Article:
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House committee green lights initiative restrictions bill

Representative James Petzke standing to debate on the Idaho House floor.
James Dawson
Boise State Public Radio
Rep. James Petzke (R-Meridian), as seen in this undated file photo. Petzke sponsors a bill heading to the House floor that would add further restrictions to Idaho's ballot initiative process.

An Idaho House committee quickly signed off on a bill Tuesday that would add further restrictions to the state’s ballot initiative process.

If approved, the bill would cut the time campaigners have to collect signatures from 18 months to 17 months.

Rep. James Petzke, the bill’s sponsor (R-Meridian), said that’s to help give more time to county clerks and the Idaho Secretary of State when verifying the signatures.

“I would not have brought this bill if I thought it was unconstitutional or that it would make this process completely impossible to do,” Petzke said, nodding to past legislative attempts to restrict the initiative process that were overturned by the Idaho Supreme Court or a gubernatorial veto.

Over the course of a campaign, organizers have to collect tens of thousands of signatures from across the state to qualify an initiative. Groups would also have to turn in those signatures on a monthly basis, which opponents say would be overly burdensome.

“We have to turn in our campaign finance reports every month,” said Petzke. “There’s lots of things in government that you have to do on a monthly basis. I think that’s a very fair standard to place.”

Rep. Todd Achilles (D-Boise), who heads a veterans group supporting the current open primaries and ranked choice voting initiative, said this bill interferes with several sections of Idaho law.

Under the proposal, the secretary of state’s office must set aside at least 60 days to review the signatures and allow people to remove their signatures from a petition if they’ve changed their mind.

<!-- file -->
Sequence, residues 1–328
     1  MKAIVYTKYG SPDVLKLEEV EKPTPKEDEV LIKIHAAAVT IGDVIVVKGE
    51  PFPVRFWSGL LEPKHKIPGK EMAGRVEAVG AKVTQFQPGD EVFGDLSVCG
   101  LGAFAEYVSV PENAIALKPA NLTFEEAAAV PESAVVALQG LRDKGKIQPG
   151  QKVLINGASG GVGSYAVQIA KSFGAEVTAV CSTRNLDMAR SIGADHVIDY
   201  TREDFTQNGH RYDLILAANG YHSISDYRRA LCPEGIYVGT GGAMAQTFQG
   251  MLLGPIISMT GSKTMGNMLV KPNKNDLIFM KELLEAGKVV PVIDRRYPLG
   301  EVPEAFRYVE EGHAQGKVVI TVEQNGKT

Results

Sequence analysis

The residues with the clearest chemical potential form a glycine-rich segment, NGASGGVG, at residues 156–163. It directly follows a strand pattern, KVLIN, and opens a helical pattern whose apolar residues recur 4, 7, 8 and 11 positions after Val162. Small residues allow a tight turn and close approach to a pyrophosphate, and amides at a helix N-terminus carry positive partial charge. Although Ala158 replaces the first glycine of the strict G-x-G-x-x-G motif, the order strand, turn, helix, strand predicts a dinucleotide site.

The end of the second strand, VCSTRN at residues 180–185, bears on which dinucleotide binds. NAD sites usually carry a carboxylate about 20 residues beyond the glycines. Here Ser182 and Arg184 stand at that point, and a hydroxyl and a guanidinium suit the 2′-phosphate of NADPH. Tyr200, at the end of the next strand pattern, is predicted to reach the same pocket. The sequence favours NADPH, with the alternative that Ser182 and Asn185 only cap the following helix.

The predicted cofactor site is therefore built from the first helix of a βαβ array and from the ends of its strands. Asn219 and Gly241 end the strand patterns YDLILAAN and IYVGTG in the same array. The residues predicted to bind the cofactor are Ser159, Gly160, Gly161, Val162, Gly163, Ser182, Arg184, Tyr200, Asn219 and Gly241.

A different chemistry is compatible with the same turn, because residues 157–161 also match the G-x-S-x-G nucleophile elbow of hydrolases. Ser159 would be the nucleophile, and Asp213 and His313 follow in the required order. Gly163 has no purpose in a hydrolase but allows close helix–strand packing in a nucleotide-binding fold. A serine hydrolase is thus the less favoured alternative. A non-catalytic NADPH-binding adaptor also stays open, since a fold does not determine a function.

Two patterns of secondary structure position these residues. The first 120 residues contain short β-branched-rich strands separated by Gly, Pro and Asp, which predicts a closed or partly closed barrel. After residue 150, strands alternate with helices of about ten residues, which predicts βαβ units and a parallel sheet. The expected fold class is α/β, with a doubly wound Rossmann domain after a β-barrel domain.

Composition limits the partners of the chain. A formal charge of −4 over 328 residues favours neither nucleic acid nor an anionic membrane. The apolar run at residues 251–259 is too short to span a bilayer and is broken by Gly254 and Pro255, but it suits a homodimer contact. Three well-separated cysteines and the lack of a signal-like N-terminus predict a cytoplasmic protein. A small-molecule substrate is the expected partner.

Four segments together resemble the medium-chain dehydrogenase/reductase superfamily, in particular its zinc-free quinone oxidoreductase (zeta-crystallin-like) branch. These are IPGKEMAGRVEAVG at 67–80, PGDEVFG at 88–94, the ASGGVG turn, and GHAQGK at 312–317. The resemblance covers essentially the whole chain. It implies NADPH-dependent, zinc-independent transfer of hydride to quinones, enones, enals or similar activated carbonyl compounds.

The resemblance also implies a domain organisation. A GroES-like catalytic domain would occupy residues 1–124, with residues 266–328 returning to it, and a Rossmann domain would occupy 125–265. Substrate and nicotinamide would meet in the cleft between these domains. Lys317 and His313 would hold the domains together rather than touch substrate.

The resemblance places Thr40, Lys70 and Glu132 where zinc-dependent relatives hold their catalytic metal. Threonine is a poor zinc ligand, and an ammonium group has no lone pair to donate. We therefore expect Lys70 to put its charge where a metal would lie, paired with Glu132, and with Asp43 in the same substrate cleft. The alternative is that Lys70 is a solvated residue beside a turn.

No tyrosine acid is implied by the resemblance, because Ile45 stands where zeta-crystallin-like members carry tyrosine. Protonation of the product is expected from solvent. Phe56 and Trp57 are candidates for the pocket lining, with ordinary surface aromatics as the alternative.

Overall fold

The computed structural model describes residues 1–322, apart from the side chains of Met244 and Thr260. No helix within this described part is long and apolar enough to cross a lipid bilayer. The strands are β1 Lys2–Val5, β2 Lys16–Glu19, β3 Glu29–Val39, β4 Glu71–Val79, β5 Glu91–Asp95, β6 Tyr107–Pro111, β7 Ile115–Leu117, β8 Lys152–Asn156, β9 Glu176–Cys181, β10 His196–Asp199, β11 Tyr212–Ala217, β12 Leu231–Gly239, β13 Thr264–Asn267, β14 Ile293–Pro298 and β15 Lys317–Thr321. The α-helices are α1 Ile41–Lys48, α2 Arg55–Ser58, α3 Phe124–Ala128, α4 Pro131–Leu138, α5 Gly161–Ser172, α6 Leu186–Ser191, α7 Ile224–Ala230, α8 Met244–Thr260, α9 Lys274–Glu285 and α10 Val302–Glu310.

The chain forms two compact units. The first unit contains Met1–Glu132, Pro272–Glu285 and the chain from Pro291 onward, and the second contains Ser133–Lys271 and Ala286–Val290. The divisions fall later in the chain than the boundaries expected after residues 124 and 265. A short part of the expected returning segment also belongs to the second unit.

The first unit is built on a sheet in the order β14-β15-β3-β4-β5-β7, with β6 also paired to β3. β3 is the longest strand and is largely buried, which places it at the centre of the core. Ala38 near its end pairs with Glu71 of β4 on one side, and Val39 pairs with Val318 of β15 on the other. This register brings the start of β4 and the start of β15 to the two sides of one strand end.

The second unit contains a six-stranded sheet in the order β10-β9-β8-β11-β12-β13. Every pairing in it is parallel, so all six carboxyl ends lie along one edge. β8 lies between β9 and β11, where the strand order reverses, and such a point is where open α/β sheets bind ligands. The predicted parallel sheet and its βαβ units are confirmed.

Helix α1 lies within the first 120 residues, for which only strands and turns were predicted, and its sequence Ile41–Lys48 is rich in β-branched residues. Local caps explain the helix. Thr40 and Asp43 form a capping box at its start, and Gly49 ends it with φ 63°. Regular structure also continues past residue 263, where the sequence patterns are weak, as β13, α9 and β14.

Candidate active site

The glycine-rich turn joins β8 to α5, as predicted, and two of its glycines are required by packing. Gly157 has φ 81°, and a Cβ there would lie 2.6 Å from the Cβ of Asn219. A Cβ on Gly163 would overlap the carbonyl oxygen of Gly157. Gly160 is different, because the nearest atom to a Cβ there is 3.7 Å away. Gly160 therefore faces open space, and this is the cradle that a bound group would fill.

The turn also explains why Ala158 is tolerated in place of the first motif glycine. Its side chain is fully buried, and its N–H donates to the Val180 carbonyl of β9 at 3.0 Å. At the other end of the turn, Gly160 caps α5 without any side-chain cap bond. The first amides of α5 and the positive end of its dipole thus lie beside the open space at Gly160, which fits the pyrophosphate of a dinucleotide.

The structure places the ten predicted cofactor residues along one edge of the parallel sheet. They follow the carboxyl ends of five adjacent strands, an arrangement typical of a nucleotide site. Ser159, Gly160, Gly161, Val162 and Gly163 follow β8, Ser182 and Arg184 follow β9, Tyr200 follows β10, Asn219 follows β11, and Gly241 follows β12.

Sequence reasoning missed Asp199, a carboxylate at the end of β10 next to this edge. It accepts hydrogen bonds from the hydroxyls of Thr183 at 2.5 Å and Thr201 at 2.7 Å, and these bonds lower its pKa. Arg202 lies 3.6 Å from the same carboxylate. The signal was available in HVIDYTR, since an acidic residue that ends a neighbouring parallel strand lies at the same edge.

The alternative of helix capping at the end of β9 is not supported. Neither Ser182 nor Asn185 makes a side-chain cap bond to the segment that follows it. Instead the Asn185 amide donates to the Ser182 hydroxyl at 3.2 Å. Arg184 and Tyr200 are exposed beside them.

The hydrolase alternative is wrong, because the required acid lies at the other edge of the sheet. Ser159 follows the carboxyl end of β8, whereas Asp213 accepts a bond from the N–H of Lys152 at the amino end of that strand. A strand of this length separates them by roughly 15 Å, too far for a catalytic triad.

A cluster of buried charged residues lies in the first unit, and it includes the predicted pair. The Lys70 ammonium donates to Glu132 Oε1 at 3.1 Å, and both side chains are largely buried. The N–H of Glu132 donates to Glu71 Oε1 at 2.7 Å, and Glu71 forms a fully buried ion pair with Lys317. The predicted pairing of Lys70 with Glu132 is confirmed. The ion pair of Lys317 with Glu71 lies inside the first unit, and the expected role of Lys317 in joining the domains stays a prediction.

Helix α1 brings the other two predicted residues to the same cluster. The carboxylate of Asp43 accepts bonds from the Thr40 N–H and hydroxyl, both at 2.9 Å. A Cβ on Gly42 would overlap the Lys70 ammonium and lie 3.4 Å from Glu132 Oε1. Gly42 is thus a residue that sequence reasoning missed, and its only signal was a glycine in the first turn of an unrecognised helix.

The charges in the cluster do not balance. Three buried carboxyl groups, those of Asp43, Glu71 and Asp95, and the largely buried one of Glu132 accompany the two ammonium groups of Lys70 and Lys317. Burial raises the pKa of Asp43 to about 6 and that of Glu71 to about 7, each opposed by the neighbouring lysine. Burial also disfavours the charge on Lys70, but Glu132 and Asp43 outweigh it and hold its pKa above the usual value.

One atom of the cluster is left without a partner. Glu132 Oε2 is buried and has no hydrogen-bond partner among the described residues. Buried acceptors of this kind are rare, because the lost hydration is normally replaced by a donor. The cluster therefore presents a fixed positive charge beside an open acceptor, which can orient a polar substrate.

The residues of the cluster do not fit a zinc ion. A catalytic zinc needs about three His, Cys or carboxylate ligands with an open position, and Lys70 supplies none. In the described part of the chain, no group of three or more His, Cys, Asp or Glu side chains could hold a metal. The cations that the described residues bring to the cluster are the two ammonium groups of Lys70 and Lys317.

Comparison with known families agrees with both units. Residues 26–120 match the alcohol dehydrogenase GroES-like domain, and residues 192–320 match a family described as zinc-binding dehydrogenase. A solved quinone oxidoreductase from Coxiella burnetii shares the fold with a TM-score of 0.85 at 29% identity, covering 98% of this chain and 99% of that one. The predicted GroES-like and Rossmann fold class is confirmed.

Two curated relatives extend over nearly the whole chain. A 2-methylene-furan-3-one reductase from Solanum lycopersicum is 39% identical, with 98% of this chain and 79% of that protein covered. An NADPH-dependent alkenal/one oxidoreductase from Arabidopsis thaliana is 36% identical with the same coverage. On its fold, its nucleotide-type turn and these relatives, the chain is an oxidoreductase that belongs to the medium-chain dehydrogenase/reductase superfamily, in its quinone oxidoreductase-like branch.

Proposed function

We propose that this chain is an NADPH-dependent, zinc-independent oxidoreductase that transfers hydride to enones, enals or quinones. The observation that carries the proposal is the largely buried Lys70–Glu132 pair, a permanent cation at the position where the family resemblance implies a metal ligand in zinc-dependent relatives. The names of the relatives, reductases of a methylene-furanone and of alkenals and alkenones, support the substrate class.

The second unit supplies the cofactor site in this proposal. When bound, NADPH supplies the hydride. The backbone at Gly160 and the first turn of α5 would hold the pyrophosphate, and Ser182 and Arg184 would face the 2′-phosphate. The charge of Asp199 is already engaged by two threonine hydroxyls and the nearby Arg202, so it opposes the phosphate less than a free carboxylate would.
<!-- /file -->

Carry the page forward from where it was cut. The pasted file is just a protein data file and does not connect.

Supporters and opponents must submit arguments for and against any given petition to be included in statewide voter pamphlets. A deadline of Aug. 1 to submit rebuttals to those argument would likely fall within that 60-day review period before closes.

Achilles also said it could also interfere with a federal law requiring ballots to be submitted to overseas military members and citizens 45 days before an election.

The other Democrat on the House State Affairs Committee, Rep. John Gannon (D-Boise), said the bill was a solution in search of a problem.

“I haven’t heard a single complaint about the present system from anyone who participates. I haven’t heard that anybody has been charged with fraud. I haven’t heard from the secretary of state that they’re having any problem in their office,” Gannon said.

Achilles and Gannon cast the only no votes Tuesday morning.

The proposal now goes to the full House.

Copyright 2024 Boise State Public Radio

I cover politics and a bit of everything else for Boise State Public Radio. Outside of public meetings, you can find me fly fishing, making cool things out of leather or watching the Seattle Mariners' latest rebuilding season.

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